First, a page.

5th Grade ELA News


We have wrapped up our poetry unit and while the students explored many facets of poetry and skills for reading and understanding poetry, our most recent topics have included:

  • How poets use structural elements to create meaning
  • Using clues in a stanza to infer what a poet is really saying
  • Using evidence to identify the theme of a poem
  • Comparing and contrasting the theme of two poems and,
  • Using "fix up" strategies to help understand and clear up confusion when reading poetry.
We concluded our work on Friday with a poetry assessment where students were asked to read and analyze poetry. Watch for scored signatures coming home soon.

Next we'll move into our historical fiction reader's workshop centered on the Revolutionary War (which they are learning about in social studies!)


Students spent their first week back from break writing informational pieces about an animal of their choosing. I shared several links with them that they could access for information. They took their knowledge of great informational writing along with feedback from their colonization piece to show off their informational writing skills again. Given they short timeline, we carefully planned our work time for the week and students set daily goals to keep themselves on track. Some of the mini-lessons at the start of our writing time each day included: writing conclusions (doing this for an animal piece is much different than a piece about a colony), using "formal writing" (see the blog for examples soon!), along with technology tips to help students efficiently navigate and manipulate Go Tahoma so they could convey their message clearly and effectively.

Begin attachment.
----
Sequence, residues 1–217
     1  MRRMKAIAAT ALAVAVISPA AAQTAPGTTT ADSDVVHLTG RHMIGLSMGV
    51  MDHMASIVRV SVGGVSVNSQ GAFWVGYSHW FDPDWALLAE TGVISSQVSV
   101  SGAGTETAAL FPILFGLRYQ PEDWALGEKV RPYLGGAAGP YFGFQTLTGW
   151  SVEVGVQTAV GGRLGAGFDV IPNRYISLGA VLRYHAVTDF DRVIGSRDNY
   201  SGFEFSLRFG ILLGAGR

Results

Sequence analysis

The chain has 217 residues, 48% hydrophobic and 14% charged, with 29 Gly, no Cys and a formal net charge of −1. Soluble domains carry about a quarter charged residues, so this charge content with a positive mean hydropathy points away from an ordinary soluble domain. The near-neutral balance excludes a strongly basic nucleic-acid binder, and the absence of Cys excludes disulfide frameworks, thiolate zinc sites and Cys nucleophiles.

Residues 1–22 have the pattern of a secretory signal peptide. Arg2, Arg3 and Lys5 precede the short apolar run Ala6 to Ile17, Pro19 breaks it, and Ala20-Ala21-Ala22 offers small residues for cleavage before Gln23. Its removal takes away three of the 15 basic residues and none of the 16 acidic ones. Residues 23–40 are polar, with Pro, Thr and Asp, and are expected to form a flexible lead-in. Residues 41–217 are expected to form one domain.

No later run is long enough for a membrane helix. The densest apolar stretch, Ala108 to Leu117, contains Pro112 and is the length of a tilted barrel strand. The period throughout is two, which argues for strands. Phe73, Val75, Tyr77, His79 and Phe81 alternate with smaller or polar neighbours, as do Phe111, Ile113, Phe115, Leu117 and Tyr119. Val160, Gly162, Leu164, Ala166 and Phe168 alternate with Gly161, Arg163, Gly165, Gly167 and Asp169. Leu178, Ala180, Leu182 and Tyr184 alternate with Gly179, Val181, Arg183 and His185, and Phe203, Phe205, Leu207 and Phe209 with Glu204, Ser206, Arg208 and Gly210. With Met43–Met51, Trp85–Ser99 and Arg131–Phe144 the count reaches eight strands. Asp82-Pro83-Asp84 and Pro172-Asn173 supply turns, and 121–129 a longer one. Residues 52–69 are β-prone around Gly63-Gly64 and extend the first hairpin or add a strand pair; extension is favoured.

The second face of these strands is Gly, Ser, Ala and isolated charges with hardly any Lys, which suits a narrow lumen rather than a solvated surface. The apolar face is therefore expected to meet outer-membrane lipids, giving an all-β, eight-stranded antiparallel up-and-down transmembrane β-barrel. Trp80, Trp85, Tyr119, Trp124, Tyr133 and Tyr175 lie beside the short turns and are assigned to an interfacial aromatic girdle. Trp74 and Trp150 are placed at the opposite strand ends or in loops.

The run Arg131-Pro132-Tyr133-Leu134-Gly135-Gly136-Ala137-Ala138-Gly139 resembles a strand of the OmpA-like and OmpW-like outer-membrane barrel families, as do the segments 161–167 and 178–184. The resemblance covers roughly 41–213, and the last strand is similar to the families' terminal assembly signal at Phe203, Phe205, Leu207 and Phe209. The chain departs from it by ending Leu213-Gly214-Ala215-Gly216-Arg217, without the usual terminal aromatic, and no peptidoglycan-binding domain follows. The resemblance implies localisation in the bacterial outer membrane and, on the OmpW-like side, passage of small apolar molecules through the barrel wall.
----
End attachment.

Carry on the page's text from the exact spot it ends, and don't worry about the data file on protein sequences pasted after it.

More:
This week we used an article, "How to Save Dolphins" from our Storyworks magazine to practice citing text evidence when responding to a text. This is always challenging (but SO important) for kids especially as we move toward state testing. The hardest piece of this is that we also spend lots of time on inferring which is a separate skill...but hard for kids to remove themselves from. For instance, one of the questions we approached was, "What is the problem posed in the first paragraph of the article?" After first determining that we'd be reading the first paragraph of the article to find the answer, students quickly shared the problem along with some inferences they made. The article stated that dolphins were being held captive. Many students articulated this but also included comments like, "Dolphins are in a terrible situation." While they are, that is an inference. The text doesn't say they are in a terrible situation - it simply states they are being held captive. I felt like the discussion and their independent work with the questions was quite meaningful. Hopefully they feel that much more equipped for reading, analyzing text, testing, and, ultimately, life!


Thanks so much for the post-it note and notebook paper donations. We appreciate it!